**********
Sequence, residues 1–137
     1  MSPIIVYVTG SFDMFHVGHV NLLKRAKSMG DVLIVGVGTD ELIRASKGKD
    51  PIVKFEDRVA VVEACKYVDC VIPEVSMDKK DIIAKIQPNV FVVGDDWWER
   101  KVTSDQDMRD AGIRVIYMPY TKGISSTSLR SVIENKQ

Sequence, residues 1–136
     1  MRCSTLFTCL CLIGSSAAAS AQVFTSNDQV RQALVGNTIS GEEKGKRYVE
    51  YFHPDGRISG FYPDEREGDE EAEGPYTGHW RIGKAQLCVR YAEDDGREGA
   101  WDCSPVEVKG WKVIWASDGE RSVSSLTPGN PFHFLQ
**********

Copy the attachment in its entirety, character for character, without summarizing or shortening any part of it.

Sequence, residues 1–137
     1  MSPIIVYVTG SFDMFHVGHV NLLKRAKSMG DVLIVGVGTD ELIRASKGKD
    51  PIVKFEDRVA VVEACKYVDC VIPEVSMDKK DIIAKIQPNV FVVGDDWWER
   101  KVTSDQDMRD AGIRVIYMPY TKGISSTSLR SVIENKQ

Sequence, residues 1–136
     1  MRCSTLFTCL CLIGSSAAAS AQVFTSNDQV RQALVGNTIS GEEKGKRYVE
    51  YFHPDGRISG FYPDEREGDE EAEGPYTGHW RIGKAQLCVR YAEDDGREGA
   101  WDCSPVEVKG WKVIWASDGE RSVSSLTPGN PFHFLQ